But Bonning was skeptical of this claim. This image was not at all surprising from a general relativity point of view, so she offered no new physics to bridge the gap between the two areas, Bonning said.

Still, it's not crazy that people hope to get answers from this type of observation, she says, because the edge of the shadow of a black hole brings relativistic forces into tiny and quantum spaces.

"We expected to see quantum gravity very, very close to the horizon of events or very, very early in the early universe [when everything was packed into a tiny space]," she says.

But with the still fuzzy resolution of the Event Horizons telescope, she said, we probably will not find that kind of effect, even with future planned upgrades.

Was Stephen Hawking's theories as correct as those of Einstein?

The greatest contribution of physicist Stephen Hawking at the beginning of his career was the idea of ​​"Hawking radiation", namely that black holes are not actually black, but that they emit small amounts of radiation over time. The result was extremely important because it was shown that once a black hole ceases to grow, it starts to contract very slowly because of the loss of energy.

But the Event Horizons telescope has not confirmed or denied this theory, said Bonning, without anyone expecting it.

Giant black holes like Virgo A, she says, emit very little Hawking radiation in relation to their total size. While our most advanced instruments can now detect the bright lights of their event horizons, they are unlikely to master the ultra-dark glow of the surface of a supermassive black hole.

These results, she said, will probably come from smaller black holes – theoretical and ephemeral objects so small that you could lock all their event horizon into your hand. With the ability to observe closely, and many more available radiation relative to their overall size, humans could possibly determine how to produce or find one and detect radiation.

So what did we learn from this picture?

First, physicists have learned that Einstein was right, again. The perimeter of the shadow, out of sight of the Event Horizons telescope, forms a perfect circle, just like twentieth-century physicists who were working with Einstein's equations of general relativity.

"I do not think anyone should be surprised when a new test of general relativity is successful," Bonning said. "If they had walked on the stage and declared that the general relativity was broken, I would have fallen off my chair."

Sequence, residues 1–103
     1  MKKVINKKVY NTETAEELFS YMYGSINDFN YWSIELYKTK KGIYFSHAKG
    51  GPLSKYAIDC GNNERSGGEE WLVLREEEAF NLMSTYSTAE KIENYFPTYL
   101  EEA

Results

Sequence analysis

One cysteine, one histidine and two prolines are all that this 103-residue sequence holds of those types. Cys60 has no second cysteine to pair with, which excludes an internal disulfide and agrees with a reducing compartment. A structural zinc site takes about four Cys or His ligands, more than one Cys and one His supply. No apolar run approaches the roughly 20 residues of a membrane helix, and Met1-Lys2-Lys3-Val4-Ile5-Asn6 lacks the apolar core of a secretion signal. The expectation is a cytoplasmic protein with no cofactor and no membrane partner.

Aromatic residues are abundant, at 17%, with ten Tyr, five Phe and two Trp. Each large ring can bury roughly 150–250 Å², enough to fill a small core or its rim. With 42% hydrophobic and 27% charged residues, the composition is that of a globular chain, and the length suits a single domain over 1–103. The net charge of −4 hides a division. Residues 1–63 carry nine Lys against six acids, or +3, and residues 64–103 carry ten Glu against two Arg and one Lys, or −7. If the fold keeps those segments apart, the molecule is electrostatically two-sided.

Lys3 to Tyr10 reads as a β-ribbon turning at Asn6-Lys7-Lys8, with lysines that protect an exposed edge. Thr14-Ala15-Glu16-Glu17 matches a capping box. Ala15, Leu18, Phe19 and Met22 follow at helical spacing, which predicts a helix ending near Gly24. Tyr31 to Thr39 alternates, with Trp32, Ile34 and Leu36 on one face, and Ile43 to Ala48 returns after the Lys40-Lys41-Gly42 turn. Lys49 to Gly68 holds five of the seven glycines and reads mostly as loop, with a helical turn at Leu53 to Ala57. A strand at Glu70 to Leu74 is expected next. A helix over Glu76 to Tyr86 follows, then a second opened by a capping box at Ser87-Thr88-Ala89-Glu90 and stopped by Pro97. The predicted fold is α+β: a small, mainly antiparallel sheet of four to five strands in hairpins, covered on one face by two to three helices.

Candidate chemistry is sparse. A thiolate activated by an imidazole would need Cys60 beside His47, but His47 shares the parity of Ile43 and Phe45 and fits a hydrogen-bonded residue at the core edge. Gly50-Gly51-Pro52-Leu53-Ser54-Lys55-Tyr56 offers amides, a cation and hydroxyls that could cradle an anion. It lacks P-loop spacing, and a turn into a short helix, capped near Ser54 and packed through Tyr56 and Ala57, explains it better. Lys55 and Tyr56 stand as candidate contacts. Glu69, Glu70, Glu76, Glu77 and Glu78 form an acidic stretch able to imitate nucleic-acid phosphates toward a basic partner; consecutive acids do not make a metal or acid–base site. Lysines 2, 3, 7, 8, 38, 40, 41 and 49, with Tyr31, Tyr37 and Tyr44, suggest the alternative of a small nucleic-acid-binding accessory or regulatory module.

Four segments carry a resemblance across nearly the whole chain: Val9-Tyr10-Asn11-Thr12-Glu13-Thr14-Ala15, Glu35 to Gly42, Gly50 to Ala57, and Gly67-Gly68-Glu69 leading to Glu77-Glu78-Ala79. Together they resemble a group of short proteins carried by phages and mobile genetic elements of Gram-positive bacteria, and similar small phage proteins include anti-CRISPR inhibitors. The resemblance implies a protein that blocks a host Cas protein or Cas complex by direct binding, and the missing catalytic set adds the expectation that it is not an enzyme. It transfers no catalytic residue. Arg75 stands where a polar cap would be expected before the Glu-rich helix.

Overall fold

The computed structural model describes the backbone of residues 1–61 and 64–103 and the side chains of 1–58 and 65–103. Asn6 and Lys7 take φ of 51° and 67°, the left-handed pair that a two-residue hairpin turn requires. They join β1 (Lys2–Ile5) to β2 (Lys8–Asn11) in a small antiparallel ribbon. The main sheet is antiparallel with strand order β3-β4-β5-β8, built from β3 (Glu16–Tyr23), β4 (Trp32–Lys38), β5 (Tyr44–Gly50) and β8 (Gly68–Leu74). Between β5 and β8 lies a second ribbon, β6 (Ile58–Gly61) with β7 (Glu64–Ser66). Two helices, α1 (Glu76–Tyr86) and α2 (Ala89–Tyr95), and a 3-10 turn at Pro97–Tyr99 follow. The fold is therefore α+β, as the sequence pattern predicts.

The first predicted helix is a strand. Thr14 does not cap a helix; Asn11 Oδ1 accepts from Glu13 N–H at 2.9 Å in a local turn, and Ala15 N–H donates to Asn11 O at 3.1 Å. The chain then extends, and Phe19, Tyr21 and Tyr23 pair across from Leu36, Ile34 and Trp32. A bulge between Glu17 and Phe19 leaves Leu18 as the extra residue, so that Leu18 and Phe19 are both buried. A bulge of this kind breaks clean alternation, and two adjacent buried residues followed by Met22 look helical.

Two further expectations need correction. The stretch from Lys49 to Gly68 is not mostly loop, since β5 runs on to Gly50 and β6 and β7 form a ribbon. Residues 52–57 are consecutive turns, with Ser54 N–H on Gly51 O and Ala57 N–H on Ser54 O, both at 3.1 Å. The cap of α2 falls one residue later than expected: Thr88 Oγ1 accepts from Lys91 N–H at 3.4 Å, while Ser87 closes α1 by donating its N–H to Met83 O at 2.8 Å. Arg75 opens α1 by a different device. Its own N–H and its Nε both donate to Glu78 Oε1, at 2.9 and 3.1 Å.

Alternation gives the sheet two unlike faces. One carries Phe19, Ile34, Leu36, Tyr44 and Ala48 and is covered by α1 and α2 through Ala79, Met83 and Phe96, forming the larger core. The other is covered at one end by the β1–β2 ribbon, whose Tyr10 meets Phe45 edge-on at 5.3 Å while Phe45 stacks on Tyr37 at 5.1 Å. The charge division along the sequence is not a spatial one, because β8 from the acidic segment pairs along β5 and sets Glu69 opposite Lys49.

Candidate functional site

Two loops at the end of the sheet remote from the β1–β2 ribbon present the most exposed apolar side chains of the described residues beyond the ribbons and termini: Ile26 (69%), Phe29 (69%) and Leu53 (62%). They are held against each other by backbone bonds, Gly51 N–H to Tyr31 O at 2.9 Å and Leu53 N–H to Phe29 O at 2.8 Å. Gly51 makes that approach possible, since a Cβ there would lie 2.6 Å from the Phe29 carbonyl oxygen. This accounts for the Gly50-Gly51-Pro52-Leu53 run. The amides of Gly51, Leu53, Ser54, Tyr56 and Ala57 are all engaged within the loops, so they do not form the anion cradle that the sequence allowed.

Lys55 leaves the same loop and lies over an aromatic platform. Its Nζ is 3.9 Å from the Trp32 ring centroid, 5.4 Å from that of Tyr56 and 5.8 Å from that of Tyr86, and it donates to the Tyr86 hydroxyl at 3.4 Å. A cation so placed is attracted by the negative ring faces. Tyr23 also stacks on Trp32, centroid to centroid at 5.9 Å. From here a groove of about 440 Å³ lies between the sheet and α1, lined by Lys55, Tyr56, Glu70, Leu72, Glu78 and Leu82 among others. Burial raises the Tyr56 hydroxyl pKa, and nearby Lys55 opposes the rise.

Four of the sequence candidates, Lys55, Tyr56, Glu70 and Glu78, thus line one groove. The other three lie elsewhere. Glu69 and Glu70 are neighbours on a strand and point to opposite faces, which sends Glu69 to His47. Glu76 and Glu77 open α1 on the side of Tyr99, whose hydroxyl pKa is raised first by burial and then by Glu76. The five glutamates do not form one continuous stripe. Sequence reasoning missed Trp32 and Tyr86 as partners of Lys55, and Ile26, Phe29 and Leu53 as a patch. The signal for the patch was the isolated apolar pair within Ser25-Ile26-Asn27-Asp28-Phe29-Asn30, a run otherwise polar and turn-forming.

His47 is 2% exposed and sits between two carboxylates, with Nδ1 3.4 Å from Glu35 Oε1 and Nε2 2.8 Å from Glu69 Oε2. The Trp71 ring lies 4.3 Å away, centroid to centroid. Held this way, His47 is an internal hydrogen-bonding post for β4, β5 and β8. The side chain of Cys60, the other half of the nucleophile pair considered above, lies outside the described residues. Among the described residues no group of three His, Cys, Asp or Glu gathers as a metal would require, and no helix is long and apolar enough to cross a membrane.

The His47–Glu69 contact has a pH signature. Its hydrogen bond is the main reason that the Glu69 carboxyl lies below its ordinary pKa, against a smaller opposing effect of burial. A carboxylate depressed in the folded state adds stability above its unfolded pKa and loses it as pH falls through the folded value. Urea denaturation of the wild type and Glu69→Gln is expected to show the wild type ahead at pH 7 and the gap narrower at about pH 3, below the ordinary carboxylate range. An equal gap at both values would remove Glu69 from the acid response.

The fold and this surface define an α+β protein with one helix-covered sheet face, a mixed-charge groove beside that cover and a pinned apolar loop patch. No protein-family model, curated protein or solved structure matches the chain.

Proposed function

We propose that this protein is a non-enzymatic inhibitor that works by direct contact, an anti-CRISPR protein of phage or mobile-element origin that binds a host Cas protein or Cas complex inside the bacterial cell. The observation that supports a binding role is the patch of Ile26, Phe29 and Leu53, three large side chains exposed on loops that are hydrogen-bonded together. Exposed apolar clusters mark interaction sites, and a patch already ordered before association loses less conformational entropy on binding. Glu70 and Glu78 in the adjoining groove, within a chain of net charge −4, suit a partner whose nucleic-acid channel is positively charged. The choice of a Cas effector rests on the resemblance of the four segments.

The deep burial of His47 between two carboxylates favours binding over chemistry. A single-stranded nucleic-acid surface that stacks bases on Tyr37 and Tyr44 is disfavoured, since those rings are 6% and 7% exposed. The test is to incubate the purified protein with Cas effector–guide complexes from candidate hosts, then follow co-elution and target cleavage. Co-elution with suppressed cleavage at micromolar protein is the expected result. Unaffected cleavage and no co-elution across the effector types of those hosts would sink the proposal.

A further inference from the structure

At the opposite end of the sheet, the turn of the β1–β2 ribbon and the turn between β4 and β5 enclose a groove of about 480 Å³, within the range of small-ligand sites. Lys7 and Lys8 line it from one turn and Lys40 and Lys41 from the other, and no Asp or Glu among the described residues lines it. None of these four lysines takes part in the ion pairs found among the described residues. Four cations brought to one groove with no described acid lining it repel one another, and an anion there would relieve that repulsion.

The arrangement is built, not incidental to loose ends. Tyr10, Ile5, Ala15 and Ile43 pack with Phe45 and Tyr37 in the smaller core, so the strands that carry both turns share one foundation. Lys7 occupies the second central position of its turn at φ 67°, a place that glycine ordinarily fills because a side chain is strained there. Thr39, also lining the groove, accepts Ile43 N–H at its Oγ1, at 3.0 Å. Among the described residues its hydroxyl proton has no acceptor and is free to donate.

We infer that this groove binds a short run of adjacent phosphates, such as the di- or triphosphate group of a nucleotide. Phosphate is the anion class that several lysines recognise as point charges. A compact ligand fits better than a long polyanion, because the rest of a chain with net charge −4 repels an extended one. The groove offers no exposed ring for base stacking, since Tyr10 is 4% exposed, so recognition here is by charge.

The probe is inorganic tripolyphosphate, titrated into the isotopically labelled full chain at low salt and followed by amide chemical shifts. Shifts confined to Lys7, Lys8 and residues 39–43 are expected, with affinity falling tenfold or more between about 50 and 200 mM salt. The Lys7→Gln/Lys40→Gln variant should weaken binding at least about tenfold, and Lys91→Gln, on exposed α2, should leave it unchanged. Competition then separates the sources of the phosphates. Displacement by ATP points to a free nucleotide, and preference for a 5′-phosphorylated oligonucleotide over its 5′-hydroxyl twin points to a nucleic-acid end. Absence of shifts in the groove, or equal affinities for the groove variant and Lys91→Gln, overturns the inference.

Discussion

The result, with more immediate practical implications, she said, is that the image allowed scientists to accurately measure the mass of this supermassive black hole, located at 55 million years old. light at the heart of the Virgin galaxy A. It is 6.5 billion times more massive than our sun.

That's a big problem, said Bonning, as it could change the way physicists weigh supermassive black holes in the heart of more distant or smaller galaxies.

Right now, physicists measure the mass of the supermassive black hole in the heart of the Milky Way quite accurately, says Bonning, because they can see how gravity moves individual stars around it.

But in other galaxies, our telescopes can not see the movements of individual stars, she said. Physicists are therefore confronted with more approximate measurements: how the mass of the black hole influences the light coming from different layers of stars of the galaxy, or how its mass influences the light coming from different layers of gas floating freely in the galaxy.

But these calculations are imperfect, she said.

"You have to model a very complex system," she said.

And both methods end up producing somewhat different results in all the physicists in the galaxy observed. But at least for the black hole of the Virgin A, we now know that a method is correct.

"Our determination of 6.5 billion solar masses ends up landing just after the determination of the heavier mass of [the light coming from stars]"Said Sera Markoff, an astrophysicist from the University of Amsterdam and project collaborator, during the briefing.

This does not mean that physicists will simply adopt this approach to measure black hole masses, Bonning said. But it offers an important data point for refining future calculations.

Originally published on Science live.